Does Valuing Play Mean We’re Romanticizing the Past?

Contributed by JC Boushh

Last week I attended the National Association for the Education of Young Children Annual Conference and had the opportunity to not only lecture on the value of free-play for children, but to also here many fellow advocates who share my beliefs in the importance of children’s play. I also learned that NAEYC is in the process of organizing a panel to prepare an official position on children’s play, and in NAEYC’s infinite wisdom and business-like fashion they seemed to have forgotten to invite Play, Policy, & Practice Interest Forum and The American Association for the Child’s Right to Play (IPA/USA) onto the panel. There seems to be a feeling that many of us play advocates romanticize play and therefore never think about the modern state of play. To value children’s free-play and to sound the alarm when the state of play is being jeopardized is far from romanticizing play, but is letting people know that learning and play walk hand in hand in relationship to child development.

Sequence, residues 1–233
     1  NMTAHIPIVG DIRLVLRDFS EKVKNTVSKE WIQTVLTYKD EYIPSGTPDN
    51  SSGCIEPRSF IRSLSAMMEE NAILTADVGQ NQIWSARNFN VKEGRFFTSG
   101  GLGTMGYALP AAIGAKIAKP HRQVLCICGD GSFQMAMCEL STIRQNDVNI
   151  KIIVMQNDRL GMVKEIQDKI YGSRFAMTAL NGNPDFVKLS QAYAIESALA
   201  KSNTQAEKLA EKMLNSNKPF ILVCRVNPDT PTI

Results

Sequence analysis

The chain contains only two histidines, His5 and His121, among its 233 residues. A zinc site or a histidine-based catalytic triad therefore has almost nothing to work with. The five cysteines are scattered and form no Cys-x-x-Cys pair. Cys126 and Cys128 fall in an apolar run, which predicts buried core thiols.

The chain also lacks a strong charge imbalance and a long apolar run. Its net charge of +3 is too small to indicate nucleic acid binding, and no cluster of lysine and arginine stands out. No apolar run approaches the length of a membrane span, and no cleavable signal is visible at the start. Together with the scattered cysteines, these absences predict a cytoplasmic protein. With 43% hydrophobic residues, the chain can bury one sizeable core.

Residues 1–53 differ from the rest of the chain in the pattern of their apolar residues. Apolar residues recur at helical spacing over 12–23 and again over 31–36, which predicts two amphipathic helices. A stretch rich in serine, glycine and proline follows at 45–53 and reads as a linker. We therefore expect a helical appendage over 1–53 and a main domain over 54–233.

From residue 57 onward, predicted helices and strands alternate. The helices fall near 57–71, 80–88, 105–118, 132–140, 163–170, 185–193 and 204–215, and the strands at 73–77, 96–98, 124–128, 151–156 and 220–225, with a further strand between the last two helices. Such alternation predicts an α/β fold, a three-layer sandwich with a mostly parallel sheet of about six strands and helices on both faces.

I have heard the statement that “We shouldn’t make waves”, but if we are not making waves doesn’t that mean were sitting still in the water. I agree that the state of play has changed dramatically due to technology, No Child Left Behind, Liability, and Societal Fears, but does that mean we should just through our hands in the air and forget about the next generation of children? Being an advocate for children means that you’re not always appreciated by those in power, but it does mean that you value those you are advocating for. I agree that we should never romanticize or live in the past, but when the conditions of children’s free-play are in such jeopardy then it’s up to us advocates to make waves. Sometimes I wonder how we ask children to do what we would never think of doing as adults. Maybe it’s time children and free-play had its own union to protect their childhoods.